I have to wonder what Bible President Trump’s close evangelical advisors are reading. Pastor Jeffress of First Baptist Church of Dallas Texas in a recent NPR interview justified Trump’s build-a-wall solution to immigration by cherry-picking certain biblical texts and misconstruing them. As a seminary professor once told me, a text without a context is a pretext.
Religious supporters of compassionate immigration laws often cite the hundreds of verses of Christian and Jewish scripture that command us to welcome the alien and stranger in the land. In a vain attempt to sidestep these verses, Jeffress claimed that the Israelites were welcomed only because Jacob came at the invitation of Pharaoh, not illegally. According to Jeffress, God “said to Israel because you were once aliens and foreigners in Egypt. And that’s the key…. Israel came to Egypt as welcomed guests, not as illegal immigrants.”
This is a profound misunderstanding of foundational texts. Pharaoh did not have a guest worker program. This was before the modern nation state with its passports, immigration laws and border bureaucracy. There would have been no backlogged immigration systems, no laws and procedures. Just nomads wandering and hoping to find a place to settle down. Jeffress’ assertion is anachronistic.
More importantly, Jeffress overlooks the part about slavery, a predictable shortcoming of white Evangelicalism. These verses — and there are many — tell the Israelites to remember they were once not welcome. Not welcomed one bit. Jacob’s people migrated and flourished, but his descendents were enslaved, brutalized and murdered.Moses barely escaped genocide thanks to brave women who rebelled against the laws of the land and floated Moses across a river on a makeshift raft. Had there been a wall I’m sure they would have scaled it to save their baby boy.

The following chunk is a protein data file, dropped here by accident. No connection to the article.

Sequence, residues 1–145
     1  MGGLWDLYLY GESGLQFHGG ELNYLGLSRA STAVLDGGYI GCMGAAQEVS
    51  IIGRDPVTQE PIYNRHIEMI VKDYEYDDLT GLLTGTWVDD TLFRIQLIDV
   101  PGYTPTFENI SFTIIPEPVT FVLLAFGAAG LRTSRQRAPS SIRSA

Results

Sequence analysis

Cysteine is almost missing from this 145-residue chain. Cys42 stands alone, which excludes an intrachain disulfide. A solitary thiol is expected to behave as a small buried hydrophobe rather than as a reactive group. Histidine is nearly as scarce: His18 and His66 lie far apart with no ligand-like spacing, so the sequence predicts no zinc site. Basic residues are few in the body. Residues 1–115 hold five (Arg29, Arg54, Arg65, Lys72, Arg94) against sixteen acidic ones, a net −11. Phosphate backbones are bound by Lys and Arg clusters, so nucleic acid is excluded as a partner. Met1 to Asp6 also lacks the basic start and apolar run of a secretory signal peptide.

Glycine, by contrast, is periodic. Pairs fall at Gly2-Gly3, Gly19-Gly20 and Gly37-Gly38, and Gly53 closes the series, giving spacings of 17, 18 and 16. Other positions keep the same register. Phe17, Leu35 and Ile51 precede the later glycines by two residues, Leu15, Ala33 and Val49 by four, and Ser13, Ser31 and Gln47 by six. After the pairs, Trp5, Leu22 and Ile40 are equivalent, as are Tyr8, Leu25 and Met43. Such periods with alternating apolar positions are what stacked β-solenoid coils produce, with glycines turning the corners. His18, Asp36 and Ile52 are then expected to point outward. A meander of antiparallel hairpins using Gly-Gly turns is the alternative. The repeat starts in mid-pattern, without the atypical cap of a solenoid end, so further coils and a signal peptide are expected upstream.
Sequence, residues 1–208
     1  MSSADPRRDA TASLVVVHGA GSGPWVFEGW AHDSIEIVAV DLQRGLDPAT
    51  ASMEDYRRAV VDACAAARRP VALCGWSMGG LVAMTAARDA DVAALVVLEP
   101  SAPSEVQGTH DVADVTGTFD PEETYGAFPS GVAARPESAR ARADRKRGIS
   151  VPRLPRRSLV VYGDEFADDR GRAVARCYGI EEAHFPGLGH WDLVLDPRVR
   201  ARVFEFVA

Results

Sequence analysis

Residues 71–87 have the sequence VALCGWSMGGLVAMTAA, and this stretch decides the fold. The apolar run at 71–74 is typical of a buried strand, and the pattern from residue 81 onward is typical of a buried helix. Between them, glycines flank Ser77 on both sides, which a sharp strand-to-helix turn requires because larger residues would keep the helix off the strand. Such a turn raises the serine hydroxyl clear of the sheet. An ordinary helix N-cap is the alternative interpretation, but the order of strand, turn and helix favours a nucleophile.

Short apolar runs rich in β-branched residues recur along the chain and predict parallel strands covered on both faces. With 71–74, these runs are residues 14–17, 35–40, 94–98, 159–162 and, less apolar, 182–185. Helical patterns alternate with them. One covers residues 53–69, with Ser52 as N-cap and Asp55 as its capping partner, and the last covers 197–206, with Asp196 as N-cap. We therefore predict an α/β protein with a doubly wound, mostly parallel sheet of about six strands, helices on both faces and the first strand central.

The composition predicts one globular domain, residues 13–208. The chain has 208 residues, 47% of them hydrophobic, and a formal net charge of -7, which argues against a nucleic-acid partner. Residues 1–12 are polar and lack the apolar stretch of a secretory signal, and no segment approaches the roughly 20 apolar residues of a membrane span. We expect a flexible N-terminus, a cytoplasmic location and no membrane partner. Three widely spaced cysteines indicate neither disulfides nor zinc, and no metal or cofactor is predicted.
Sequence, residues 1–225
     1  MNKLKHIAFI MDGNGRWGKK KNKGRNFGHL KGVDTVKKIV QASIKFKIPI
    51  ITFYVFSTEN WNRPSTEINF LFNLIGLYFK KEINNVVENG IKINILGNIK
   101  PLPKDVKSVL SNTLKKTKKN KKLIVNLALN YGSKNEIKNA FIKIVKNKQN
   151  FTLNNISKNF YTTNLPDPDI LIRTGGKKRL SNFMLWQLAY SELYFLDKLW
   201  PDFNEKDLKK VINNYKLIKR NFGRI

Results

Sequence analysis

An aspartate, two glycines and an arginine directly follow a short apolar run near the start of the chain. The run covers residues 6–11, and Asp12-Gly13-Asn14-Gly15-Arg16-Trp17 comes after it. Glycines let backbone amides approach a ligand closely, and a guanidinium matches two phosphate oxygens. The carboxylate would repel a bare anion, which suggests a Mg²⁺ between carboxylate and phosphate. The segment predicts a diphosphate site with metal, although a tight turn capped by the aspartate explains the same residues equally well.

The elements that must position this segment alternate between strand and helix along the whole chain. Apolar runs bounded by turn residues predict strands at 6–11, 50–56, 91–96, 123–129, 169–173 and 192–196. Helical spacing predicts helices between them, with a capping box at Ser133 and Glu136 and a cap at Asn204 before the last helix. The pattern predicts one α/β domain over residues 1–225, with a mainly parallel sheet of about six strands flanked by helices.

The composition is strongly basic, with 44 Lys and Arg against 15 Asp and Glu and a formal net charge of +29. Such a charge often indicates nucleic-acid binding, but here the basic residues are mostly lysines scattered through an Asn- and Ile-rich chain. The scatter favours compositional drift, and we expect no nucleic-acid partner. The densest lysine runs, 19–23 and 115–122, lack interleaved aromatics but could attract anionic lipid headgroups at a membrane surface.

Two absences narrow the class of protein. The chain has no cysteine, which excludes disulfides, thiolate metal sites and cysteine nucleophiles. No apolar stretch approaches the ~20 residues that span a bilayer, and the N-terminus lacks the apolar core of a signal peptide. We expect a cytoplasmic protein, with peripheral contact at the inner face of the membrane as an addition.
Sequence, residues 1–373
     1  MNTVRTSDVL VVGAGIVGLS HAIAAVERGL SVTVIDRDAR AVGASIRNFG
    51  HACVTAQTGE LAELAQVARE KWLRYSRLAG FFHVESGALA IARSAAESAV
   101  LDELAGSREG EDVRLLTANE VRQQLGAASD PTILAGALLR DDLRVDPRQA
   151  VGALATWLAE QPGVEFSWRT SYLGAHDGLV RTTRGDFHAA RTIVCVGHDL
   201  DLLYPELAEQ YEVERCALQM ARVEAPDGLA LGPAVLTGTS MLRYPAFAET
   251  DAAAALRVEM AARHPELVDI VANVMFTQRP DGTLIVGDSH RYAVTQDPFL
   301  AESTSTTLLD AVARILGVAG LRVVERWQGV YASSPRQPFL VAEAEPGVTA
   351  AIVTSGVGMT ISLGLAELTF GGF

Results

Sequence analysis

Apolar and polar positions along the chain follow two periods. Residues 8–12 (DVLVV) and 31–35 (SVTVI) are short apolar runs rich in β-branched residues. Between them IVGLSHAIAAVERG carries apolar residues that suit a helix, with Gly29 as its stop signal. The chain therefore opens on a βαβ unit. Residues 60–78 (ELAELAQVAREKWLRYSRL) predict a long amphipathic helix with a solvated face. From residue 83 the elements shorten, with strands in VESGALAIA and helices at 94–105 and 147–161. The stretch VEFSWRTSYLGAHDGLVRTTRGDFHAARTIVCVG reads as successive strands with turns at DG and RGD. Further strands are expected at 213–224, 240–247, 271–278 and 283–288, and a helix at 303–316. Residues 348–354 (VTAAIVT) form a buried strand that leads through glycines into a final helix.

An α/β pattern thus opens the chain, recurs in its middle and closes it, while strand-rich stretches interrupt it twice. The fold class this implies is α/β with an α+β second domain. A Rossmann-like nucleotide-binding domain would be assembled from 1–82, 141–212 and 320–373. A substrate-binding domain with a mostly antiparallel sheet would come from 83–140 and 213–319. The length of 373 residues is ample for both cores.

Moses grew up and led a rebellion against Pharoah’s oppression. In public rallies with his miracle-working staff he warned Pharaoh that his lack of compassion would doom his nation. Pharaoh remained stiff-necked and arrogant, even after God sent plagues to make him stop the brutality. That did not end well.
There are around hundred “remembrance” verses throughout the the Bible that tell the Israelites to remember their suffering at the hands of a tyrant. All of them have to do with remembering they were once aliens, foreigners and, yes, slaves. Verses like this one: “You shall not oppress a stranger, for you know the soul of the stranger, for you were strangers in the land of Egypt” (Ex.23:9). The experience of oppression, of being unwelcome, demands that God’s people build a government with laws based in empathy for those suffering in the same way.
Jeffress concludes that God created government to maintain order and protect its people. Who are its people? The law of Moses and the prophets make it clear: the oppressed, those who come from outside. Let’s read scripture more carefully. More importantly, let’s live it.
If your faith is important to you and you want to join a movement for immigration justice, please join the organization I lead, Faith in Public Life, as we strive to hold government accountable to protect the oppressed.